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MDARD Director Continues to Champion Michigan Food and Agriculture During D.C. Visit

Washington, D.C. Michigan is a food and agricultural powerhouse ripe for investment and is committed to implementing climate smart agriculture solutions to build more climate resiliency cropping systems, strengthening the resiliency of the state's supply chains, and supporting the diversity of crops grown in Michigan to ensure the long-term growth and success of Michigan's farming and agriculture communities.

That was the message Michigan Department of Agriculture and Rural Development Director Tim Boring championed when he attended the United States Department of Agriculture's Crop Production Outlook briefing in Washington, D.C. Additionally, Boring met with USDA's Farm Production and Conservation Business Center to outline the pressing needs around building a more climate resilient food and farming system.

"The Whitmer Administration and MDARD are committed to big, bold actions to deliver the outcomes ensuring the long-term viability of Michigan agriculture. Our farmers have been deeply impacted by unpredictable weather patterns, uncertain markets, and other challenges because of climate change,"  said Director Boring. "Creatively and assertively strengthening our agricultural system through resiliency and crop diversity is a common theme for what Michigan s farmers are hoping to see in the U.S. Farm Bill and from our partners at USDA. These conversations at the federal level are fundamental supporting our farmers while simultaneously making substantiative improvements for our environmental outcomes."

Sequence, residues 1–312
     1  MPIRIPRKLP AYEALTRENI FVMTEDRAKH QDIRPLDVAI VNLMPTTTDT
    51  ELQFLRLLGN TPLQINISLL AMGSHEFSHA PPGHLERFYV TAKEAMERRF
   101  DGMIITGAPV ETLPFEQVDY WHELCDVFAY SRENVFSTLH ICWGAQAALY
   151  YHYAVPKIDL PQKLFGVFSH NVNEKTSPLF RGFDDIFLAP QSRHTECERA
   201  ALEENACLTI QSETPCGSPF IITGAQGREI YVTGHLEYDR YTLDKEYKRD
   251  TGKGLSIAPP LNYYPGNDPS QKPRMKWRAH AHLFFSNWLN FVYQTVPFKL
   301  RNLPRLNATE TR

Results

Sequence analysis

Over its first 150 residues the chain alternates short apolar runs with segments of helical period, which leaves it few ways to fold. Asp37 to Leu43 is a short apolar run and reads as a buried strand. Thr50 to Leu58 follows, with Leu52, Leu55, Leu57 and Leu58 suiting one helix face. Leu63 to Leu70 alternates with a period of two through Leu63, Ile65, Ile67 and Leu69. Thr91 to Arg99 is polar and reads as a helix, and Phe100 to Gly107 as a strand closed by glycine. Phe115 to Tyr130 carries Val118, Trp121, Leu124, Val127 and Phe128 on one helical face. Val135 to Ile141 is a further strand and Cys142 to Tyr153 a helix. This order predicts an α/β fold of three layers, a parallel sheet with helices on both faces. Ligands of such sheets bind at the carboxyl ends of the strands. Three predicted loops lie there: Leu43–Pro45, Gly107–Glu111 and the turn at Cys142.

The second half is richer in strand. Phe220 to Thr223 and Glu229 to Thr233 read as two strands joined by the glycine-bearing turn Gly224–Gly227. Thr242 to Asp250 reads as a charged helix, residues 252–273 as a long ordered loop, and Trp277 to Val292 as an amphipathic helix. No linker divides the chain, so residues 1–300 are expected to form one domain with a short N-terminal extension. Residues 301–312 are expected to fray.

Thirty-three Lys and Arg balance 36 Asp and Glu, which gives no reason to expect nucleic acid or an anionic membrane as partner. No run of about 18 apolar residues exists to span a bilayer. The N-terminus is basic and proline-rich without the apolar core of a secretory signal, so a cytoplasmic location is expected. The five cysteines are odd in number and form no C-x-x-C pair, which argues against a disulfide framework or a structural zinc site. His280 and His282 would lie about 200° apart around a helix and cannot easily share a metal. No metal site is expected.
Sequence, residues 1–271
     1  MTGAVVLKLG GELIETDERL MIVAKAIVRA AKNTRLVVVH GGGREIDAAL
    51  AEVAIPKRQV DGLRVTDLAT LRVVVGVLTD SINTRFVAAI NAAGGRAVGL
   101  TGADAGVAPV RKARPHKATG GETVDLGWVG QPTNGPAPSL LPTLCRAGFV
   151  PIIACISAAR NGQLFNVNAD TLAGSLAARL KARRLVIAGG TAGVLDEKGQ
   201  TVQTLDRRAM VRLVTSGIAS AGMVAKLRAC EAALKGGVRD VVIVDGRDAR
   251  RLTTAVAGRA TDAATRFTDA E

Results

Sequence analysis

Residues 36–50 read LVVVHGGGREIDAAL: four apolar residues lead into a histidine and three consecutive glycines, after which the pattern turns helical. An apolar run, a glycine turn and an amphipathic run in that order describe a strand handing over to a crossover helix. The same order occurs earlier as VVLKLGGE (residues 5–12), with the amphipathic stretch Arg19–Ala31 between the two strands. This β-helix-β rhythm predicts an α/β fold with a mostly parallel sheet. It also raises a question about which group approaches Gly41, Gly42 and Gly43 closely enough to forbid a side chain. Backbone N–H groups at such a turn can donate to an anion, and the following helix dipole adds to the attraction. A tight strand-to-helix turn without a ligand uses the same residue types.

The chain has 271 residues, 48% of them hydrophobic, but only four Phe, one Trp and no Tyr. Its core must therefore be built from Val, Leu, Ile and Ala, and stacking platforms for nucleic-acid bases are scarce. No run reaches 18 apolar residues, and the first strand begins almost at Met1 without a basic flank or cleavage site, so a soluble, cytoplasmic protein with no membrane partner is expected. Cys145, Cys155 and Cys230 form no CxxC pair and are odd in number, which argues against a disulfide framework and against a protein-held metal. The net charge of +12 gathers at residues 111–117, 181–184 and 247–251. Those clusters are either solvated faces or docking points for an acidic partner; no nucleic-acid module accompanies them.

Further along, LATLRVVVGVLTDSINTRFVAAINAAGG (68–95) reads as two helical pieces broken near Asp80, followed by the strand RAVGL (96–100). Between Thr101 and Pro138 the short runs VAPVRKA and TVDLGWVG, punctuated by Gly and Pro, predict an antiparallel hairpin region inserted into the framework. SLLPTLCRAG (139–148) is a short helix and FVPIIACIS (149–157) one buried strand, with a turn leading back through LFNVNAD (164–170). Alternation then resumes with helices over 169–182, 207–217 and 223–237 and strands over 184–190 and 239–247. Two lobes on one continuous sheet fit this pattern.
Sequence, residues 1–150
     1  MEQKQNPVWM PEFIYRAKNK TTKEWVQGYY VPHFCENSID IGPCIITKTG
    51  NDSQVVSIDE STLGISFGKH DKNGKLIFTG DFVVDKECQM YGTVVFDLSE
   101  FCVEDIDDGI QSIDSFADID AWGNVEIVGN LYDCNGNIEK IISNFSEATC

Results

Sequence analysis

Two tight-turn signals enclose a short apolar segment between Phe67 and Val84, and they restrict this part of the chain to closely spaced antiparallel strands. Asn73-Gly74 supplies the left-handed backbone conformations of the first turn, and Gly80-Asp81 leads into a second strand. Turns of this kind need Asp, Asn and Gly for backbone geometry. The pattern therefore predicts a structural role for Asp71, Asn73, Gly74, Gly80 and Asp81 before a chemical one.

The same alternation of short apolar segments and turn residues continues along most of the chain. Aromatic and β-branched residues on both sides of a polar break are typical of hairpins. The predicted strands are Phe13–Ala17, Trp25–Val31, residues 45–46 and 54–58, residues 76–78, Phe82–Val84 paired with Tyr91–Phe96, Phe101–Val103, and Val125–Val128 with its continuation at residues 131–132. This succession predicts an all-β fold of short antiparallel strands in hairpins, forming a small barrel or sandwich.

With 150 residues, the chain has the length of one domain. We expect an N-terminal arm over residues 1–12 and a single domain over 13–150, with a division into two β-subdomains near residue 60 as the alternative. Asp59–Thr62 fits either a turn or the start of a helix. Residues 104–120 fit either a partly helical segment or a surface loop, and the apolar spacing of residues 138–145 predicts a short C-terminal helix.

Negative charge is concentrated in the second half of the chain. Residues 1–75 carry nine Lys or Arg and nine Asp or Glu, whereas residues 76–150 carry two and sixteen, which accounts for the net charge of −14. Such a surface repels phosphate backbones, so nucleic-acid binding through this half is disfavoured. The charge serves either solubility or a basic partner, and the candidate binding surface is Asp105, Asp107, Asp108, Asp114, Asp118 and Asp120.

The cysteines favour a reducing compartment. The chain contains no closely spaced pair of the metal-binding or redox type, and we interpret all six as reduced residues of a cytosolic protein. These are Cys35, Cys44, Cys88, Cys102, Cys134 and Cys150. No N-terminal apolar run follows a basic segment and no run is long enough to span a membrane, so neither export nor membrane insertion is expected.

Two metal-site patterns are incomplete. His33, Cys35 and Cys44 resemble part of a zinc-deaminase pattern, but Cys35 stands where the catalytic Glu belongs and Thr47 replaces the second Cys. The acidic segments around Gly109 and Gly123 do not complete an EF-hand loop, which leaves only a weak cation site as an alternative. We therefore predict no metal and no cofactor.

Boring participated in USDA's National Agricultural Statistics Service (NASS) for the August Crop Production lock-up and data release. Prior to the data briefing, the director walked thru NASS's lock-up procedures which ensure market-sensitive data remain secure until the time it is released to the public. 

NASS interviewed approximately 14,700 producers across the country in preparation for this report. NASS is now gearing up to conduct its September Agricultural Survey, which will collect final acreage, yield, and production information for wheat, barley, oats, and rye as well as grains and oilseeds stored on farms across the country. That survey will take place during the first two weeks of September.

For more information about the crop production data briefing, read the news release online at USDA forecasts US corn up and soybean production down from 2022.